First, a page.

The race had now been running for nearly sixteen hours and Chase Crew 2 had made their way to The Meadow at race mile 840, where the #842 would receive one final splash of fuel before heading to the finish back in Ensenada. After getting camp set up, the crew bunked down to wait for the arrival of the truck and was left to estimate when the #842 Geiser Truck would arrive, as the team lost radio communication between both Chase Truck #1 and the #842. They believed the truck would come through late morning, but there was no way to be sure. After an hour of waiting, a call came in from The Weatherman that the truck was at race mile 546 traveling zero miles per hour at 4:10am.


In the trusty hands of driver Alan Roach, the #842 had been stranded for hours after striking a rock that caused two simultaneous flat tires on the same side of the truck. The #842 Geiser was only built to hold one spare and Roach was forced to drive 20 miles on a flat to Baja Pits, only to learn they had no tire for the team. Roach had never experienced two flats at the same time in Baja and the incident set the team back many hours off the lead. The truck was left with only one decision – wait for Chase Crew #1 to bring them a tire to carry on.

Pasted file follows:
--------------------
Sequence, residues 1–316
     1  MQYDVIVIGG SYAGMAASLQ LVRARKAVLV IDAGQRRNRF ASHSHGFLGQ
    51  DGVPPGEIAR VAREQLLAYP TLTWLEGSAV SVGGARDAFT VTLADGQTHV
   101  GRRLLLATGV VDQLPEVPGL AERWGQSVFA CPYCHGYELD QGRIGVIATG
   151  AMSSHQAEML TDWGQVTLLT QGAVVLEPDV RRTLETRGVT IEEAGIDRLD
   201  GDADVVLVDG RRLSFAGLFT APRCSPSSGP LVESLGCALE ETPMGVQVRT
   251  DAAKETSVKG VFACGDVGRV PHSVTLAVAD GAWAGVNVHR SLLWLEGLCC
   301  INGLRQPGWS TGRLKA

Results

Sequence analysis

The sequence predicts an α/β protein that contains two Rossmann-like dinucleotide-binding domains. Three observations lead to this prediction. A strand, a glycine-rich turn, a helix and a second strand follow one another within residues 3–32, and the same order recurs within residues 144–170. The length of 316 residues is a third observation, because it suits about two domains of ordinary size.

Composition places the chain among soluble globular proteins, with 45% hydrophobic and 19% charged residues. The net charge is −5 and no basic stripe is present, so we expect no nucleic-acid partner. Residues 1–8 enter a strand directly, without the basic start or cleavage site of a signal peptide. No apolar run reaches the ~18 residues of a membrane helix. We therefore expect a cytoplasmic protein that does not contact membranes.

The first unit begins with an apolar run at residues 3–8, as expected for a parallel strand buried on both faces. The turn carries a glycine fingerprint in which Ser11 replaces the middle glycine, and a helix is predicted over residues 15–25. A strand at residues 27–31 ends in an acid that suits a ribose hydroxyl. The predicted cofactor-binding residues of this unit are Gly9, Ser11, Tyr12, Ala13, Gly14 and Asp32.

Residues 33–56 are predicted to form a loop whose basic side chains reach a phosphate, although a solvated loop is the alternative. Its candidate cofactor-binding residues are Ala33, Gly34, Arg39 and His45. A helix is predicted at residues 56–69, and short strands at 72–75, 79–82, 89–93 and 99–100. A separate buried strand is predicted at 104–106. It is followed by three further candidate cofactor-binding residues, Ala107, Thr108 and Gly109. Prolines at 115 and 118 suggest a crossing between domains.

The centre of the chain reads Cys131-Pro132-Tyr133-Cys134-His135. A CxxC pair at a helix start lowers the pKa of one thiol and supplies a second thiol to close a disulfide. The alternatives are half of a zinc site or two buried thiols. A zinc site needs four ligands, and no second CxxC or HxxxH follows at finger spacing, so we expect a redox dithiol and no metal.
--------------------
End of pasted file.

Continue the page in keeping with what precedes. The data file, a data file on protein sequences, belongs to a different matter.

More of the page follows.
Shortly after receiving the news, the #844 RPM truck came blazing through The Meadow and the hopes of a win and championship were now in the dust. When the blue Mills Motorsports #842 truck finally arrived in The Meadow, it was amidst a close battle for second place. Six minutes is all that separated Taylor Mills, now driving at this point, from the #845 truck of Hedrick Racing. Taylor and co-driver Mike Kerr had been making ground on them for the past hundred miles. With nothing to lose, Taylor hammered down and started reeling in Hedrick. Twenty miles is all it took for Taylor to overtake Hedrick’s spot and stormed on to finish the 2013 Baja 1000 in second place.


After a day and a half of overcoming the Baja, Mills Motorsports found themselves on the podium for the second consecutive year. Although they were assessed a penalty for speeding in a pit that would set their official finish back to third place, it doesn’t take away from the perseverance, tenacity and resilience that has been the backbone of Mills Motorsports since its inception in late 2012. Mills Motorsports will be back stronger than ever in 2014, with high hopes to build on their successes in 2013.